The EPEL repository is required for this, but already installed in other posts…These commands should run fine.

Just install and don’t ask…I know…Sometimes it’s just what it is with Linux.

sudo yum install tcl -y

sudo yum install expect -y

XWindows on CentOS

Documentum uses an installation UI. Like we also saw for the AppWorks installation. You are covered when you use the MobaXTerm client! Make sure your export DISPLAY points to the correct value.

64-bits architecture

Make sure your VM has the 64-bits architecture with uname -m where the result should be x86_64

Environment variables

Make the $DOCUMENTUM and $DM_HOME variables available and extend the $LD_LIBRARY_PATH with the Documentum bin directory. You can use these steps:

  • Create a directory: sudo mkdir /opt/documentum
  • Own it to the sysadmin user sudo chown sysadmin /opt/documentum/
  • Edit the bash_profile of the ‘sysadmin’ user: vi ~/.bash_profile (this one is already updated based on the AppWorks installation, but both platform can run seamlessly on 1 CentOS VM!)
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# .bash_profile

# Get the aliases and functions
if [ -f ~/.bashrc ]; then
. ~/.bashrc
fi

# User specific environment and startup programs

export CLASSPATH=$CLASSPATH:/opt/tomee/apache-tomee-plus-8.0.6/lib/postgresql-42.2.5.jar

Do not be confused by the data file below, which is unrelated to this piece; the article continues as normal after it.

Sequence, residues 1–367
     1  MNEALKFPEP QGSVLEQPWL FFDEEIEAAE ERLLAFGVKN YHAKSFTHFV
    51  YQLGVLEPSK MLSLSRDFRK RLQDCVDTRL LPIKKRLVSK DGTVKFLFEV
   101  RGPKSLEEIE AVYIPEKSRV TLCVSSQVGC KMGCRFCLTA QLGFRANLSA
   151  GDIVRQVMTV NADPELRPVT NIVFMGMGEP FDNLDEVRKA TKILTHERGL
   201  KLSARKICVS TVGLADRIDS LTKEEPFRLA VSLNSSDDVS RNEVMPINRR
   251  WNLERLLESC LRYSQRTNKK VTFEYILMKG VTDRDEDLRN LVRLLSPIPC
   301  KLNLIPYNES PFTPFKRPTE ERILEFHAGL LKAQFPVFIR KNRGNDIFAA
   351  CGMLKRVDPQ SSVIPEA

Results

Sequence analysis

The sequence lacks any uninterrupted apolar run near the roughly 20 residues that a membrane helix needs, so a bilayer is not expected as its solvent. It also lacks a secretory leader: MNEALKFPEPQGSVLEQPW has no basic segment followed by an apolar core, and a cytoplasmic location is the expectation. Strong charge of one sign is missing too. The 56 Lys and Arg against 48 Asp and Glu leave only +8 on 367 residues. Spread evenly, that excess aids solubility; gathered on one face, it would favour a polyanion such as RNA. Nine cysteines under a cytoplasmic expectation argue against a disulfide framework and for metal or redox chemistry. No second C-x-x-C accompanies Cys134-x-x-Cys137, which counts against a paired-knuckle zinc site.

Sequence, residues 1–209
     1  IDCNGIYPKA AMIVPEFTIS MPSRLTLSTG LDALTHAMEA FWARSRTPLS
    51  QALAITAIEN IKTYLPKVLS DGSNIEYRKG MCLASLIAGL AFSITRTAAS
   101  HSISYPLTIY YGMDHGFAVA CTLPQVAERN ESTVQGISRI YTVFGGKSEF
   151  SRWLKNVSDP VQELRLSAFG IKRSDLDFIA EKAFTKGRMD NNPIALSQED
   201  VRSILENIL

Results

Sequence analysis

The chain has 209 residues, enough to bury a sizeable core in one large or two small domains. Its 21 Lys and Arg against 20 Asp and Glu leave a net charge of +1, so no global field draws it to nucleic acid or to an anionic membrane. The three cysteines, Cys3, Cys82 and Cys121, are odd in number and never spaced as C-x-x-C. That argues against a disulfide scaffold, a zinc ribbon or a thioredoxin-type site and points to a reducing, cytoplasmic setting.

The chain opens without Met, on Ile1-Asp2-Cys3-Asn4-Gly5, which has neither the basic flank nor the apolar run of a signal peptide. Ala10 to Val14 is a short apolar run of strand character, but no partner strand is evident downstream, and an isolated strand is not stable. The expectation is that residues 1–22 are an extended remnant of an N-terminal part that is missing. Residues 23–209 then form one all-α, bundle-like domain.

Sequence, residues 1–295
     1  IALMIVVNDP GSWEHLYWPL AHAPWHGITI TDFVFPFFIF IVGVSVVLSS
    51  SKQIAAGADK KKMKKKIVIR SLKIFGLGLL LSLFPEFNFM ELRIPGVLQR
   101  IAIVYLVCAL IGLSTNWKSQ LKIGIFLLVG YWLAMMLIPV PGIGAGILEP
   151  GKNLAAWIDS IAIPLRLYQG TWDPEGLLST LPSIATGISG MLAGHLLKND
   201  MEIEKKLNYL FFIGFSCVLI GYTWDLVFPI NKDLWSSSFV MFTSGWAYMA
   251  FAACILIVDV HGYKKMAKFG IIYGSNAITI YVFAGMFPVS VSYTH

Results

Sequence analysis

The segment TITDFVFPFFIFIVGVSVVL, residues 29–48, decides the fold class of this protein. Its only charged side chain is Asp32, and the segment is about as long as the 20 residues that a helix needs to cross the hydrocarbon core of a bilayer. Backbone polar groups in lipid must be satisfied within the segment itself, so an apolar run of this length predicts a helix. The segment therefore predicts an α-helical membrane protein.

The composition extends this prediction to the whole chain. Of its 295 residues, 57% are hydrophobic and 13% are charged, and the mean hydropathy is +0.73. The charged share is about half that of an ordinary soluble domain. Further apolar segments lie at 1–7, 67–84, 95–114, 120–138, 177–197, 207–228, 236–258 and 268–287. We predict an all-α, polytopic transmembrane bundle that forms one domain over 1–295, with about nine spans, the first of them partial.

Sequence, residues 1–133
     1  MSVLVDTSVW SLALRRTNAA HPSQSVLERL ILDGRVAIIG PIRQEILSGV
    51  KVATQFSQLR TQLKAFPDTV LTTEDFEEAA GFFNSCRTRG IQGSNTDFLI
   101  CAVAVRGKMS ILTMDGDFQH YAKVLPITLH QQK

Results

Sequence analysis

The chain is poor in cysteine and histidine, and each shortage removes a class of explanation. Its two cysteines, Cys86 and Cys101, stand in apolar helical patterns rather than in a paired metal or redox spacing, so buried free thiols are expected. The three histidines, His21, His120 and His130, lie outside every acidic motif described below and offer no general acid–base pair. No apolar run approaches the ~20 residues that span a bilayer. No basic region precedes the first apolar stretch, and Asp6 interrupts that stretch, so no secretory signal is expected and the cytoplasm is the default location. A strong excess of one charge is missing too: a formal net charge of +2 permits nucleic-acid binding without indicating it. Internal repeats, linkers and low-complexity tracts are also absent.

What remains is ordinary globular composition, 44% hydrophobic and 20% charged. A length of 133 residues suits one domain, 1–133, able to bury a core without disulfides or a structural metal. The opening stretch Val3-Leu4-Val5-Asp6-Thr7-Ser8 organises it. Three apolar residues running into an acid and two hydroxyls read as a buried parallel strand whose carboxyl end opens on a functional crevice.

export JAVA_HOME=/usr/lib/jvm/java-11-openjdk-11.0.11.0.9-1.el7_9.x86_64
export DOCUMENTUM=/opt/documentum
export DM_HOME=$DOCUMENTUM/product/21.2
export POSTGRESQL_HOME=/usr/pgsql-11 #In earlier installations this variable pointed to /usr/pgsql-11/bin, but that's a failure!
LIB_PATH=$JAVA_HOME/lib/server
export PATH=$PATH:$HOME/.local/bin:$HOME/bin
export LD_LIBRARY_PATH=$LD_LIBRARY_PATH:$LIB_PATH:$DM_HOME/bin
export CATALINA_HOME=/opt/tomee/apache-tomee-plus-8.0.6
export TOMCAT_HOME=/opt/tomcat/apache-tomcat-8.5.43
  • When done reload your profile via the command: source ~/.bash_profile
  • Check if it’s all OK via: env | grep DM_HOME
Database

Meat the PostgreSQL version from the compatibility matrix. The AppWorks database we use (PostgreSQL 11.1.0 64-bits) should be fine.

ODBC connector

Make the PostgreSQL ODBC 64-bits connector available with these steps:

  • sudo yum install postgresql-odbc.x86_64 -y

  • We also install this specific version sudo yum install postgresql11-odbc -y.

    • Why? Because of this issue I faced!
    • This site provided you with more info on this package, but it just installs a more compatible drive for our PostgreSQL 11 database
    • A deeper dive can be found here
  • Check if the availability is OK: sudo find /usr -type f -name psqlodbcw.so

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    /usr/lib64/psqlodbcw.so
    /usr/pgsql-11/lib/psqlodbcw.so #We need this one!!

    Check the odbc.ini location odbcinst -j

  • Create a new odbc.ini sudo vi /etc/odbc.ini with this content:

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    [MyPostgres]
    Description = PostgreSQL connection to MyPostgres
    Driver = PostgreSQL
    Database = postgres